Julie Godshall is a Noonday Collection Ambassador & Coaching Leader.
“But what does ethical business mean?”
That’s where I left us last time, when I shared how the tragedy of the Rana Plaza collapse sparked my interest in fighting against the fashion industry’s exploitation of women and, ultimately, led to my career as a Noonday ambassador.
The good news: You and I can do something, by creating and supporting ethical businesses. But what are ethical businesses and how can you find them?
Moreover, how can you build one?
It’s all easier than you might think.
The fashion industry provides an excellent example of both the problems women face, and the solutions we can all be a part of.
Sunita’s journey highlights both.
Sunita lives in India, which has some of the worst gender disparity in the world.
Upon having a daughter, Sunita found work with a jewelry-making group, where she suffered from abuse and inadequate pay. She later learned of an employer that offered good pay and educational programs, and made the switch. This group is one of Noonday Collection’s partners.
Soon, through making jewelry for Noonday’s customers, Sunita was providing for her family and even discovering her voice and the influence she could have.
Even in the face of threats from men in her community, she started spreading the news to other women about this opportunity, assisting them to find work. She is now an active leader in her company’s health outreach programs.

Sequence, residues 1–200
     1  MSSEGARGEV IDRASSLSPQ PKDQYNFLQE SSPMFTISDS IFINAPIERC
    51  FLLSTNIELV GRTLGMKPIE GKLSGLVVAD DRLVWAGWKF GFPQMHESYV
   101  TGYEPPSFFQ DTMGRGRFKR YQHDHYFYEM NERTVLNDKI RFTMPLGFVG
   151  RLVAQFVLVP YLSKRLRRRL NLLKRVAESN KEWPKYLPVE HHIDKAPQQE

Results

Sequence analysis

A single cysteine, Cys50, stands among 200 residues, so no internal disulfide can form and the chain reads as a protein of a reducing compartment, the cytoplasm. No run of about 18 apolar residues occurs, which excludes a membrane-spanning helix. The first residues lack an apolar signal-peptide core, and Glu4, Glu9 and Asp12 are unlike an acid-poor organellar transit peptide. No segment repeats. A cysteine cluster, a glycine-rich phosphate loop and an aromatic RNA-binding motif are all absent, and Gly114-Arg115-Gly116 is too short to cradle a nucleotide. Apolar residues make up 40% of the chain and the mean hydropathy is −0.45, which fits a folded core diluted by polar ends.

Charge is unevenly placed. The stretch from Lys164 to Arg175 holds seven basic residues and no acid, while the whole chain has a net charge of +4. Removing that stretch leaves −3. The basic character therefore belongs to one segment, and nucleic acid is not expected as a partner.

Her daughter, having grown up with Sunita’s example, is a leader in youth outreach that includes self-defense classes for girls.
These women are breaking a cycle of disempowerment and poverty in their family and in families around them.
Sunita’s “before” story is all too common, but her “after” story is possible for so many more women when people like you and me support pathways for them to provide for their families and emerge as leaders in their communities.
When women are empowered
According to the President of the World Bank Group, “When we promote true equality—including equal pay for equal work—we all stand to benefit, because better educated mothers produce healthier children, and women who earn more invest more in the next generation.” (Source: World Bank)
I would add, women achieving equality is what the world needs in an even deeper way: Without the voices of women in all spaces — in the home, in the boardroom, in political offices, in the pages of books and screenplays, and more — our world is missing out on the fullness of the human experience.
And this all begins with pathways to opportunity, at home and abroad, which you and I can help create.
Business as it should be
Business should be a place where the planet and its people are highly valued, and where all stakeholders — consumers, business owners, employees, suppliers, etc. — can benefit.
Two important markers of ethical business are their status as Fair Trade Federation members and/or Benefit Corporations, or B Corps.
- The Fair Trade Federation is a trade group made up of businesses proven to abide by its principles, most of which focus on sourcing and the business’s relationship with its suppliers. This includes on-time payment of good wages, safety in the workplace, no discrimination, cultural preservation, and environmental care. Fair Trade focuses mainly on farmed products, such as coffee and chocolate, and artisan-made crafts, such as home goods and fashion. The emphasis is on poverty alleviation and sustainable development for vulnerable communities around the globe.